CDS General English Spotting The Errors Pronoun Study Material
CDS General English Spotting The Errors Pronoun Study Material : CDS Entrance Examination: The “Combined Defence Service” (CDS) Examination is conducted twice a year by the Union Public Service Commission (UPSC) to induct officers in the Indian Defence Forces; Indian Army; Indian Navy and Indian Airforce.
PRONOUN and its practice set for CDS entrance paper
Words used in place of nouns are called pronouns. They are used to avoid the repetition of nouns in a sentence. E.g. I saw a boy on the roof. He seemed to recognize me.
In this example, the pronoun ‘he’ is used instead of repeating the noun ‘boy’ which is underlined.
Kinds of Pronoun with definition and example for best preparation of CDS
This pronoun refers to or is related to the words which are used in place of nouns referring to person.
Personal pronouns have the following characteristics
Ist Person: The one(s) speaking (I, me, my, mine, we, us, our, ours).
IInd Person: The one(s) spoken to (You, your, yours).
IIIrd Person: The one(s) spoken about (he, him, his, she, her, hers, its, they, their, theirs).
|Objective Case||Possessive Case|
Rules of Personal Pronouns
A Personal pronoun must be of the same number, gender and person as the noun for which it stands,
i.e. antecedent should agree with the noun.
e.g. – I am not one of those who believe everything I /they see.
- Every man must love his/her/their
- He is one of the best boys that have played here.
The component of the verb to be (is, am, are, was, were, will, shall), when it is expressed by a pronoun, should be in the nominative case.
To be means
Is: He, She, It
Are: We, You, they
Was: I, He, She, It
Were: We, You, They
Will: You, He, She, It, They
Shall: I, We
e.g. – It is me/ I.
- It will be he/ him who is going to win.
- Was it her/she who did it for you?
If a pronoun is used as the object of the verb or of a preposition, it should be in the objective case.
e.g. – He was shouting at I /me.
- He was teaching he/ him.
- The sweets are to be distributed among you, him and me.
Objective case is used after the following words let, like, but, etc.
e.g. – It is no one else but he/him who has done the crime.
- He likes me.
- Let him come inside.
Words such as as good as, as soon as, as beautiful as, as intelligent as, etc, are followed by nominative case.
e.g. – When it comes to providing news, no one is as good as he.
- In studies he is as good as he.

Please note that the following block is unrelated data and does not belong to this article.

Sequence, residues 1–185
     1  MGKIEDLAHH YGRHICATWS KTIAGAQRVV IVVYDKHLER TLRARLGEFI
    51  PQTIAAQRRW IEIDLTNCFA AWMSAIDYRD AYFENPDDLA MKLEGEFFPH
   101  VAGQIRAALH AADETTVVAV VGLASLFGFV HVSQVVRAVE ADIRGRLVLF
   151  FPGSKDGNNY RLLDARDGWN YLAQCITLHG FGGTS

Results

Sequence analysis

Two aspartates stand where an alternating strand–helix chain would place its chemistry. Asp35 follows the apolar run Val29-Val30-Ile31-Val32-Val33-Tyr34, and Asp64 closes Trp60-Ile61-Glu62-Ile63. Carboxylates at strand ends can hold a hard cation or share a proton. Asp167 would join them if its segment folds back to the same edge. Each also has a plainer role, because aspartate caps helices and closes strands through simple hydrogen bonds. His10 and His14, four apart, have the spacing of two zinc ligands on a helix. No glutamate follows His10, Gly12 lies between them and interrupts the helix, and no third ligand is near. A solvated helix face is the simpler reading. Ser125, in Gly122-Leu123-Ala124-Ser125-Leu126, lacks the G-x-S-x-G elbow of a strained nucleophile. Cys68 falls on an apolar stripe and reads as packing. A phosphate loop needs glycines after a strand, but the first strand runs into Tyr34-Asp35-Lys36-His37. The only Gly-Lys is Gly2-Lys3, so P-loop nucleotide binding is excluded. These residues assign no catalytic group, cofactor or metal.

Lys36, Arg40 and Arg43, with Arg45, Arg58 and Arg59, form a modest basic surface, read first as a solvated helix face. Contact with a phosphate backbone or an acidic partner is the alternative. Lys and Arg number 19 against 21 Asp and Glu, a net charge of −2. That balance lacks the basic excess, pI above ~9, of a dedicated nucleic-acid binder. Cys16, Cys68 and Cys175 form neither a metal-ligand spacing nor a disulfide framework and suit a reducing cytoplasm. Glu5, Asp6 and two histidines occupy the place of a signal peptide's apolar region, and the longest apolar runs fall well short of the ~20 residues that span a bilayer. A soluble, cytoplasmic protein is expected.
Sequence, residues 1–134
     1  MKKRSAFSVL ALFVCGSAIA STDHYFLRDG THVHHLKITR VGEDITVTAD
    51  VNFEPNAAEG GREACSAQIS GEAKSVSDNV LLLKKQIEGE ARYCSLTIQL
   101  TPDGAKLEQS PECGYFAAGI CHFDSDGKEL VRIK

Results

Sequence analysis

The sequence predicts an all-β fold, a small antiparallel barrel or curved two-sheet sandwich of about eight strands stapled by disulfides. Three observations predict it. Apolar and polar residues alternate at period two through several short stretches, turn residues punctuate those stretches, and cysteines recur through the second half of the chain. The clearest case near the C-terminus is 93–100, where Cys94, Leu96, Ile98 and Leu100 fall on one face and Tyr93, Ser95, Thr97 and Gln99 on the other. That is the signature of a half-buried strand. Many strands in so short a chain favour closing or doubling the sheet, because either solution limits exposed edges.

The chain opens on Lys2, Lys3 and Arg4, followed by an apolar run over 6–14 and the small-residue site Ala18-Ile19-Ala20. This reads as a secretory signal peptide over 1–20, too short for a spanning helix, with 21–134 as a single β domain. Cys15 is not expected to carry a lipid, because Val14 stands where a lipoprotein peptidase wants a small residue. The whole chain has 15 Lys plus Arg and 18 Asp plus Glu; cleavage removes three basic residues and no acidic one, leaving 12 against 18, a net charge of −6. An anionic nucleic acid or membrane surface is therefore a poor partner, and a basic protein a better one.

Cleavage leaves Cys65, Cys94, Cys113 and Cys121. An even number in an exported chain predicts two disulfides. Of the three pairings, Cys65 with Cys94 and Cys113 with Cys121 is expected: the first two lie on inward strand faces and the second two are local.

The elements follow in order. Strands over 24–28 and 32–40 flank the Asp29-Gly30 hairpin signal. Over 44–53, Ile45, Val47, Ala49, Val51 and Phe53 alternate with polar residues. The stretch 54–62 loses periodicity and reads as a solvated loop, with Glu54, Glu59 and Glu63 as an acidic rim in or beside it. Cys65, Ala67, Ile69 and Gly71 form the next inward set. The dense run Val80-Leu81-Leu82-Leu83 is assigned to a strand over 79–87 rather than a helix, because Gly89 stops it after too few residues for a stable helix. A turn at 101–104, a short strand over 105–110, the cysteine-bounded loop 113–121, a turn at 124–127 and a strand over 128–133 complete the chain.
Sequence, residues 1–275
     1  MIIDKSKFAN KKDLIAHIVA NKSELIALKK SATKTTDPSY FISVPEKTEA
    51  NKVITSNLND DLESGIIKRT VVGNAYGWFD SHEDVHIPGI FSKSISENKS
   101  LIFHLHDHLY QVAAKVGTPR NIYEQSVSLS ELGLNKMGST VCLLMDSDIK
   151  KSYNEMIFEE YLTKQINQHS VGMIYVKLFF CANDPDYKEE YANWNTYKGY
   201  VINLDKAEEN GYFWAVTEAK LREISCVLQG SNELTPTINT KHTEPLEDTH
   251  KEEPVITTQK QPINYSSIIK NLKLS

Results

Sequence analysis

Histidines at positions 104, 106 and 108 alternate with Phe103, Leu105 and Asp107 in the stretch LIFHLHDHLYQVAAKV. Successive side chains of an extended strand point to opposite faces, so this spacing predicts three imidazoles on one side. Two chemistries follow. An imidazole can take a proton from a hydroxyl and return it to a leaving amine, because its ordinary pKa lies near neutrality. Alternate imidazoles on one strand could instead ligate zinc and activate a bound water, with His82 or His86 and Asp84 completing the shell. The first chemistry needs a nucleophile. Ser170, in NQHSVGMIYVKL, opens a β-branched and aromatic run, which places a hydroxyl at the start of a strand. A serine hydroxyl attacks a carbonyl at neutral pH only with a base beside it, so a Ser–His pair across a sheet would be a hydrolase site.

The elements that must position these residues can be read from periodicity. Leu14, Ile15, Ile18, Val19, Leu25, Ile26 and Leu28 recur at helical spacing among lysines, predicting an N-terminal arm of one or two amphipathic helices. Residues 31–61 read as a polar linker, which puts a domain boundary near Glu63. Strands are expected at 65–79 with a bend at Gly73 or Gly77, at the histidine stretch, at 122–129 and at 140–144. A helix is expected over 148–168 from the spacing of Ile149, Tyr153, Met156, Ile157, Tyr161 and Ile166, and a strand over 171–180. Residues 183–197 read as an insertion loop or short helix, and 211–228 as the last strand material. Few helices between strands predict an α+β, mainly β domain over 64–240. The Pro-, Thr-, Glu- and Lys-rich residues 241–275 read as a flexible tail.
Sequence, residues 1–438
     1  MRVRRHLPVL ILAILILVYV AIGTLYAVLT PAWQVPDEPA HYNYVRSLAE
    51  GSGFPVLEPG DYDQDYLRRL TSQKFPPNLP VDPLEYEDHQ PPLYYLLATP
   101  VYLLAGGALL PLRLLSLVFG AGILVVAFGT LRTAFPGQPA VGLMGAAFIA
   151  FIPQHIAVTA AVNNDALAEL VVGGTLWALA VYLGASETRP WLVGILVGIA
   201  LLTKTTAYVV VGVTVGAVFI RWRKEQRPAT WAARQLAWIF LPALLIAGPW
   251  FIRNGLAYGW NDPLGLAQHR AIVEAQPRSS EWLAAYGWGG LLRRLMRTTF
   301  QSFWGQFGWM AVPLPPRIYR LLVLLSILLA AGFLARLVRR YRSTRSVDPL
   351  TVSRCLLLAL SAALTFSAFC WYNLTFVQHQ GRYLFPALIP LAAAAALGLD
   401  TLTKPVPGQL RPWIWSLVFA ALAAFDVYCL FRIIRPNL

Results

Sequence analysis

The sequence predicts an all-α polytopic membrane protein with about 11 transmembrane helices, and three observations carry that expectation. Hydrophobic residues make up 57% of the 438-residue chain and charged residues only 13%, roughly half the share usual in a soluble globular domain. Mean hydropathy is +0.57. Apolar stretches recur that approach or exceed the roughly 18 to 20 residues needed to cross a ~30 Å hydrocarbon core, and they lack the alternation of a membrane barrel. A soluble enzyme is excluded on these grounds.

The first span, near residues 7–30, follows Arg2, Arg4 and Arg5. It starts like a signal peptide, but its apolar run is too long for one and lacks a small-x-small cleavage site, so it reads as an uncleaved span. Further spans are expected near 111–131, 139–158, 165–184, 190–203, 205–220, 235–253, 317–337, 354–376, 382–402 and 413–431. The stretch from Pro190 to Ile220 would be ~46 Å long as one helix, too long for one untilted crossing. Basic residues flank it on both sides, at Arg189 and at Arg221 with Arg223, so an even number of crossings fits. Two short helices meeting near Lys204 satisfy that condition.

2, 3, 1, Rule The second person should come before the third and the third person before the first. This case applies to singular pronouns only.
e.g. – I, You and He are good friends.
- You, He and I are good friends.
1, 2, 3 Rule 2, 3, 1 becomes 1, 2, 3 when we are talking about plural pronouns.
e.g. – We, You and They will go to the party.
- We, You and They will take dinner at our/ their/your
Exception When it comes to confessing something or committing a crime, 2, 3, 1 gets changed to 1, 2, 3 for all types of pronouns.
e.g. – I, you and he will be punished for the crime.
When a pronoun stands for a collective noun, it must be in the neuter gender. But if the collective noun denotes separation of division. The pronoun used separation or division, the pronoun used is plural.
e.g. – The jury gave its decision unanimously.
- The jury were divided in their opinion.
When two or more nouns are joined by ‘and’, the pronoun used would be plural.
e.g. – Ram and Mohan went to their school.
- Suresh and his family members have completed their work.
Case I Separate persons, the pronoun used for them must be plural.
Case II Same person, the pronoun used for them must be singular.
(Hint If a single article is used before the nouns, the verb and the pronoun are both singular, because the reference is to a singular person only).
e.g. – The Comptroller and Auditor General has/have submitted his/their report.
- The Chairman and the Managing Director has/have submitted his/their report.
When two or more singular nouns are joined by or, either-or or neither-nor, the pronoun and the verb should be singular.
e.g. – Either Raj or Amar is doing his duty.
Whenever one singular and one plural noun are used with either-or or neither-nor, the plural noun always comes second. In this case, the plural noun always comes second. In this case, the verb and the pronoun both become plural.
e.g. – Neither Amit nor his friends was/ were present in their house.
While writing question tag, the subject and verb must be according to the main sentence.
e.g. – Our minister is intelligent, isn’t he?
- The boys are not enjoying themselves, are they?
- They went to Delhi yesterday, didn’t they?
Reflexive pronouns are pronouns that refer back to the subject of the sentence. They end in-‘self’, as in singular form, of-‘selves’ in plural form.
e.g. – Myself, themselves, yourself, ourselves etc.
Rules of Reflexive Pronouns
The reflexive pronoun is used with the following words absent, avail, apply, pride, resign, acquit, revenge, exert, adapt, adjust, etc.
e.g. – He absented himself from the class.
- He acquitted himself admirably in the meeting.
With the following words, reflexive pronouns are not used: bathe, feed, hide, turn, move, rest, qualify, stop, etc.
e.g. – We bathed in the river.
- We fed at the motel.